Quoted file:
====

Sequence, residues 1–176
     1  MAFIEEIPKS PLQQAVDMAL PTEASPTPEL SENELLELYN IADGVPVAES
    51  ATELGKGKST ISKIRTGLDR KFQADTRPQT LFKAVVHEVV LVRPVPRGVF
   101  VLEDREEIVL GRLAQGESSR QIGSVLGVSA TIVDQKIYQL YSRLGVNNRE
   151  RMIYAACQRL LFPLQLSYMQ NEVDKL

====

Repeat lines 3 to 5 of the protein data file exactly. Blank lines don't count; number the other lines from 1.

    51  ATELGKGKST ISKIRTGLDR KFQADTRPQT LFKAVVHEVV LVRPVPRGVF
   101  VLEDREEIVL GRLAQGESSR QIGSVLGVSA TIVDQKIYQL YSRLGVNNRE
   151  RMIYAACQRL LFPLQLSYMQ NEVDKL